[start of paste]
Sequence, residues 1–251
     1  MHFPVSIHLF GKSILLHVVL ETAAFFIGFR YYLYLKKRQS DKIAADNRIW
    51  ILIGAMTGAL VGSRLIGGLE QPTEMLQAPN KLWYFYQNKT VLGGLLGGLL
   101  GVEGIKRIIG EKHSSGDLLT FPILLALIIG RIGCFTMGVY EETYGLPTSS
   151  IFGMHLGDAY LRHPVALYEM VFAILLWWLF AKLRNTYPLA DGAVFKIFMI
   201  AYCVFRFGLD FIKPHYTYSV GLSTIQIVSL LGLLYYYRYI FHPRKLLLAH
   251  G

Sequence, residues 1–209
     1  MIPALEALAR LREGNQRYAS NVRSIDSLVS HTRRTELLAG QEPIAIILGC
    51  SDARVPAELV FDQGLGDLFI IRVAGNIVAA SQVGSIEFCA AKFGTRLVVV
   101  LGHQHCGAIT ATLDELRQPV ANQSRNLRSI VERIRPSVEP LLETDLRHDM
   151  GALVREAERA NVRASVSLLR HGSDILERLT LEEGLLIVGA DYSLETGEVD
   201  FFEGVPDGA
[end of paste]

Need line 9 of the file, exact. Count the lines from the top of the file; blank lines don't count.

     1  MIPALEALAR LREGNQRYAS NVRSIDSLVS HTRRTELLAG QEPIAIILGC